Rhino crisis in heritage park

2011-05-04 00:00

RHINO poaching at the eMakhosini-Opathe Heritage Park near Ulundi is wiping out the rhino population there, with only eight rhino remaining in that area.

The Emakhosini and Opathe are two large parks located close to uMgungundlovu, the homestead of Zulu King Dingaan, an area promoted as a tourist destination.

Sources from the area who asked not to be named said the rhino population had declined from 40 to just eight since 2009, with 32 having been killed.

However, according to the official figures released by KZN Ezemvelo wildlife, the eMakhosini — Opathe Heritage Park has lost 23 rhinos since 2009. They lost 14 in 2009, eight in 2010 and one in 2011.

Last year 365 rhinos were killed nationally, the equivalent of a rhino a day. This year 11 rhinos have been killed in KwaZulu-Natal alone.

The sources in eMakhosini-Opathe Heritage Park who are concerned about the poaching said the Opathe section of the Heritage Park was built with international financial assistance as the last sanctuary for the threatened black and white rhino population.

“The Opathe game reserve was built with international funding as the last sanctuary for the threatened black and white rhino population, so this is not only failing the environment, we are also failing in our obligations to our donors.”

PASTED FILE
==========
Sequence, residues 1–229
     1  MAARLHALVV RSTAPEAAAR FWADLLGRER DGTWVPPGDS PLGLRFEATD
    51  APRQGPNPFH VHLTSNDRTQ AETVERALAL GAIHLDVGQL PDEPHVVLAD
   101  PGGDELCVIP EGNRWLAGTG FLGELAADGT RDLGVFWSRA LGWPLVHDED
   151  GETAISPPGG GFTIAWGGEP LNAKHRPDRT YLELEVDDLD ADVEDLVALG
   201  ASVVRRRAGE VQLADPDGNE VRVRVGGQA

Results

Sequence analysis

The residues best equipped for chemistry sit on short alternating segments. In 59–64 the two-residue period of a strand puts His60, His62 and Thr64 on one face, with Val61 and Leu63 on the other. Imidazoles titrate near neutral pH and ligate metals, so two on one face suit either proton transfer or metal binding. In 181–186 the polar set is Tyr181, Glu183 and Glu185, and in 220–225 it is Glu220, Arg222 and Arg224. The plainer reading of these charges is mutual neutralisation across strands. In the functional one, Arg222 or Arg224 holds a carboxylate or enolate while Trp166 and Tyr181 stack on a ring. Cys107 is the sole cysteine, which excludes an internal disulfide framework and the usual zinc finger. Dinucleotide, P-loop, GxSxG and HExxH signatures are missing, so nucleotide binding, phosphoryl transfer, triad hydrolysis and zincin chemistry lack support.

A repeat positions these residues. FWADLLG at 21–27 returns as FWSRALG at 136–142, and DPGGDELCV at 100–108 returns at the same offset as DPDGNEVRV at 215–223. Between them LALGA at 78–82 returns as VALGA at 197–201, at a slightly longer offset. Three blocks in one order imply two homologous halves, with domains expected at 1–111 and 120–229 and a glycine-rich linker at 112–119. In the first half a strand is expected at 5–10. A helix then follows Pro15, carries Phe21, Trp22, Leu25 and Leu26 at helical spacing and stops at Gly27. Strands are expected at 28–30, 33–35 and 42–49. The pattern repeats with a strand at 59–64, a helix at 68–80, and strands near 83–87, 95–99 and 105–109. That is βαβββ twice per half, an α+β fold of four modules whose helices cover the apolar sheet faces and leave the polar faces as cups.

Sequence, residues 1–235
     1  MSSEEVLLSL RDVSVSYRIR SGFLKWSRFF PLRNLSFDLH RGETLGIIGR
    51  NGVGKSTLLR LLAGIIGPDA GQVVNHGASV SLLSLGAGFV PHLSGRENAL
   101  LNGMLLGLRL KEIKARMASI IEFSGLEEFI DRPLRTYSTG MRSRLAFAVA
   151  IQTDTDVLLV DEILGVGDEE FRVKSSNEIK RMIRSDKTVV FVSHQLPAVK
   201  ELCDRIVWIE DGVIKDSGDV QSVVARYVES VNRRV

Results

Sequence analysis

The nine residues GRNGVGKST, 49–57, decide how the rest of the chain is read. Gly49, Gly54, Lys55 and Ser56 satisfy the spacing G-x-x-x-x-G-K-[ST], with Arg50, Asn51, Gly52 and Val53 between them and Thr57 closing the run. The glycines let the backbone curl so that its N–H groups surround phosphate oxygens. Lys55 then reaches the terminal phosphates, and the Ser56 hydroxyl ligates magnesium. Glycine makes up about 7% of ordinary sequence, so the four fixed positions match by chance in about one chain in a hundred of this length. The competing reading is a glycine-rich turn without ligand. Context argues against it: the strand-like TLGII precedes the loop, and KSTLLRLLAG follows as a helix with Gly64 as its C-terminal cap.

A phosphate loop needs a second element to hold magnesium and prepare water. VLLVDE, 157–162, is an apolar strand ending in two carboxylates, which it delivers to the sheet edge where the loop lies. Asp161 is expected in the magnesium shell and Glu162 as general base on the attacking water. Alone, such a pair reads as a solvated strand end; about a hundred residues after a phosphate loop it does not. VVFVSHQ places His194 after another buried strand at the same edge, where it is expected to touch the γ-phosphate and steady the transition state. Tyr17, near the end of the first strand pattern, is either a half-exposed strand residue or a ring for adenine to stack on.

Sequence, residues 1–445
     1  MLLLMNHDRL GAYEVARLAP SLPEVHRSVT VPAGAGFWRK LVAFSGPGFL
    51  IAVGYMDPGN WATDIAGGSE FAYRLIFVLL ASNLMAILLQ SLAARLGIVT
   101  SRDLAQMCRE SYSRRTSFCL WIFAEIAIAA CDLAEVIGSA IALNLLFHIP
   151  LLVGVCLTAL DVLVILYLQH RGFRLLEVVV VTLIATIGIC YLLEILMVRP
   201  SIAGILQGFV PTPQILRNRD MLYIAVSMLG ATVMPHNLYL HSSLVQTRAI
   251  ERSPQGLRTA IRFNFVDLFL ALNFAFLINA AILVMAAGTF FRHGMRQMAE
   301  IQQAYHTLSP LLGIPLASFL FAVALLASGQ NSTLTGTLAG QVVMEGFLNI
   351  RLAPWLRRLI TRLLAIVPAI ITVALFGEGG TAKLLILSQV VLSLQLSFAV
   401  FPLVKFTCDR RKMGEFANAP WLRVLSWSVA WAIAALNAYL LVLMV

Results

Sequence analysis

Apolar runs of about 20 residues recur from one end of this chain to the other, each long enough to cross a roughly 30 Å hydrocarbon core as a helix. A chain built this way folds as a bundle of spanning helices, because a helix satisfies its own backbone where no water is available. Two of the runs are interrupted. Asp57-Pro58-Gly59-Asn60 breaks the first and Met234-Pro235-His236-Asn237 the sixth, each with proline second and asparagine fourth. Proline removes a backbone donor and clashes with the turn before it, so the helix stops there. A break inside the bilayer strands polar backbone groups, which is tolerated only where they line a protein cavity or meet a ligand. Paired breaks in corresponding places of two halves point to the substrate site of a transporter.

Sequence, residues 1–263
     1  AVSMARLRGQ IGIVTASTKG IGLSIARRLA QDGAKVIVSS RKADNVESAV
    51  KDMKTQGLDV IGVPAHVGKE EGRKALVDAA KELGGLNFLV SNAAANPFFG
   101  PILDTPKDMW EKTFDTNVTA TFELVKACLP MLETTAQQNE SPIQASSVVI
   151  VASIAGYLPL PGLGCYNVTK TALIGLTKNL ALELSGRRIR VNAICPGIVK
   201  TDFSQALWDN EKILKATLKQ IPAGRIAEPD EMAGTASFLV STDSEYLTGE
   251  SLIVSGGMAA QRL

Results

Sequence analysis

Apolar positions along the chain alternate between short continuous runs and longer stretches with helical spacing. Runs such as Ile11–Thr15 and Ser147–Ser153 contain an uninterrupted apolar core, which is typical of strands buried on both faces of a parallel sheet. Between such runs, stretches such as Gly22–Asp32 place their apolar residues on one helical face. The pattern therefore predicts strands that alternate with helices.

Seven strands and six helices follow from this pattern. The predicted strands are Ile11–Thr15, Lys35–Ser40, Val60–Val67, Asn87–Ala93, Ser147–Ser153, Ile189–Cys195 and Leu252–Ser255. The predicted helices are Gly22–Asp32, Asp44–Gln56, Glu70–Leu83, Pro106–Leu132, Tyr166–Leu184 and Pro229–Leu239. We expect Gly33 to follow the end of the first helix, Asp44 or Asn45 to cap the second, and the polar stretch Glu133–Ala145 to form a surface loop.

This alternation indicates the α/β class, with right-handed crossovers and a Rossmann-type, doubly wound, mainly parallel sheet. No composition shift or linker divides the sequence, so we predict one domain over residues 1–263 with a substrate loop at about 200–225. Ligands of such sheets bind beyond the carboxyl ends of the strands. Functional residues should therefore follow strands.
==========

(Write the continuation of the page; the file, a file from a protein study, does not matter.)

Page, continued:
They said the poaching not only destroys the environment but also threatens the chances of the park being a tourist destination.

“This [heritage park] has a huge potential to be a tourist destination and to create employment for a number of community members but this is threatening all of that.”

Another source said the poaching in that area has the hallmarks of professionals. “There are three types of people who do this, the first are the professional white hunters, the second are just regular people who are offered money and the gun to go and shoot rhinos.

“The third kind of poachers are professionals and we believe some might be staff members of Ezemvelo because of the way they kill the animals.

“This group does not shoot them, instead, they dart them. While the animal is down they de-horn it and leave it there to die as opposed to waking it up after they are finished.”

Another source, who also fingered some Ezemvelo staff members as being among the poachers, said: “This is a very bad situation, and from the information that has been provided we believe that the staff is involved.”

Maureen Zimu of KZN Ezemvelo said that some of their staff members had been involved in poaching and those staff members had been dealt with.

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